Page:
PRIZE IS OFFERED
Along one of the well-graded gravel roads in western Arizona the observing motorist will see a sign pointing to the

SWIMMING . . . DANCING RIDING . . . TENNIS Relaxation or R e c r e a t i o n
45 miles west of El Centro on U. S. 80
MODERN ACCOMMODATIONS A T REASONABLE RATES

long-abandoned structure shown in the above picture. Evidently it is the ruin of a building erected many years ago by white pioneers. It is not Indian architecture. This picture is being used in the Landmark contest this month in the hope that much hitherto unpublished data bearing on the origin and history of this old building will be brought to light. To the person who writes the best story identifying and describing this ruin i cash prize of $5.00 will be paid. The manuscript should be limited to 300 words and should include all available information as to exact location, identification of the builders if possible, age and any other data available. This contest is open to all entrants without restriction as to age, race or place of residence. Answers must be in the office of the Desert Magazine at El Centro, California, by the evening of June 20, 1938. The name of the winner together with the prize winning answer will be published in the July number of this magazine. • • • COLORADO FLOOD DISCHARGE TO BE HIGHER THAN NORMAL Flood discharge from the Colorado river during the annual runoff this season will be 15 per cent above normal and 23 per cent more than the 1937 discharge, according to the report of E. B. Gittings, U. S. Meteorologist at Denver. This forecast is dependent, of course, on normal weather conditions on the watershed following the date of the report.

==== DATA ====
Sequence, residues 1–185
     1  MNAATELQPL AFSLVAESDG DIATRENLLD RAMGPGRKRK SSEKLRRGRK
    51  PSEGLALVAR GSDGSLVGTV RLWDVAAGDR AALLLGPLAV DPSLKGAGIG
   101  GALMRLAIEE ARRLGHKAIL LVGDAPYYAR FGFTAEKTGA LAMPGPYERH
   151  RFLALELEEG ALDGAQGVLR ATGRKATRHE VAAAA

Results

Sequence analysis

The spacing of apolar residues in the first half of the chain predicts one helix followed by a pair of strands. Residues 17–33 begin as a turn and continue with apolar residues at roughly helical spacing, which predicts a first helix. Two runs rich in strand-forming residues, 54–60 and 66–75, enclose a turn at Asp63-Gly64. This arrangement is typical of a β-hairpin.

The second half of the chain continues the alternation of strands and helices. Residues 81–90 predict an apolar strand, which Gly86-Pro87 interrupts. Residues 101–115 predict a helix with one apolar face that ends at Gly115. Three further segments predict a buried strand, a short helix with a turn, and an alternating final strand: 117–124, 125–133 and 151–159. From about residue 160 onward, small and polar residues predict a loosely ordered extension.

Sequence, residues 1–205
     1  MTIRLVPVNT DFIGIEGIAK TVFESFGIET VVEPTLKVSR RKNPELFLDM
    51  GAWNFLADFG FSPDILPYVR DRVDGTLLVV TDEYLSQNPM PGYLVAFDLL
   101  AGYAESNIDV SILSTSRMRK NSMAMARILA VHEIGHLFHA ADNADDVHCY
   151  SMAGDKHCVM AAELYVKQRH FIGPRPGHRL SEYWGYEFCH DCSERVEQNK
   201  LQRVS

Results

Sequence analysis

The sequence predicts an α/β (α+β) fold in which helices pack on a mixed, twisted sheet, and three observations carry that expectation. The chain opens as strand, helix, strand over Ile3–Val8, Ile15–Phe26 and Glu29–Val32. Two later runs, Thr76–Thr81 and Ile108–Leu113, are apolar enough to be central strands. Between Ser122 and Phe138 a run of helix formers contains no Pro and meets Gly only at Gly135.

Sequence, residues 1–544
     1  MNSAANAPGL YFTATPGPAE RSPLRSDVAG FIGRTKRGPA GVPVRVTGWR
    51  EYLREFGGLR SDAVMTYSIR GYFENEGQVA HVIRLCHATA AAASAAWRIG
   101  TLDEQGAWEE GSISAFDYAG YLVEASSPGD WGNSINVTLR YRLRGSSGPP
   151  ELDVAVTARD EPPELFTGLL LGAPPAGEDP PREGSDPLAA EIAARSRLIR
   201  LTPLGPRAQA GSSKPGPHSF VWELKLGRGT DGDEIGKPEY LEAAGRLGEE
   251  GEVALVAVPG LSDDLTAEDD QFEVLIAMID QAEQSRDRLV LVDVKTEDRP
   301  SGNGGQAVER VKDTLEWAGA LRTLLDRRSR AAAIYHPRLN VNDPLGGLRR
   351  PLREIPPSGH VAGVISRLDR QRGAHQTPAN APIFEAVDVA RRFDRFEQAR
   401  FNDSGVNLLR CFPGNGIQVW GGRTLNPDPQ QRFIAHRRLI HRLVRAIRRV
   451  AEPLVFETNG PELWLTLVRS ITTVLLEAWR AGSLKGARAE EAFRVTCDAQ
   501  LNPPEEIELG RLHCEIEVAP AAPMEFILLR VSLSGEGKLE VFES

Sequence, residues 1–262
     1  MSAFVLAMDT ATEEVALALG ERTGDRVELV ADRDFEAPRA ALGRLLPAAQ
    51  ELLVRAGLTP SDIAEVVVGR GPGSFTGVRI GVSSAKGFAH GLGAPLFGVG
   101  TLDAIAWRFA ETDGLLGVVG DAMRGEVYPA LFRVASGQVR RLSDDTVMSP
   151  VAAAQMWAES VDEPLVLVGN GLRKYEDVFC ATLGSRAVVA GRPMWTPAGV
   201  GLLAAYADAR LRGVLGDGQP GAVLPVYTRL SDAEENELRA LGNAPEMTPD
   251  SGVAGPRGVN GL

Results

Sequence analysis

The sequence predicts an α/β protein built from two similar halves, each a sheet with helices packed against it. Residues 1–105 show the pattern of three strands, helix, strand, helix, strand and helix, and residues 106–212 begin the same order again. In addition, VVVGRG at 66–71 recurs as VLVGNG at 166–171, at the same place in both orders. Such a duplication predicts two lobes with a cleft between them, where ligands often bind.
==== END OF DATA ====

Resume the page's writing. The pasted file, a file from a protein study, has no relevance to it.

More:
Talk over accommodations by telephone! Save time, miles, disappointment. The cost is small.

"THE PRIDE OF LONG BEACH"

10 Minutes jrom the Ocean
MEMBER UNITED COURTS. MOTOR

HOTEL,AUTO COURT,COTTAGES APARTMENTS
BERT L. VAUGHN, MGR. JACUMBA H O T SPRINGS, CALIFORNIA

O

MR. AND MRS. P. D. STOGKWELL
3932 Long Beach Blvd.
LONG BEACH, CALIF.

JUNE,

1 938

33

4 4 THE CALIFORNIA 4 4 DESERTS 4 EDMUND C. JAEGER A visitor's handbook that tells * all about the desert and its 4 plants and animals.
New 1938 Edition
Illustrated $2.00

TRAIL-BLAZER TO RAINBOW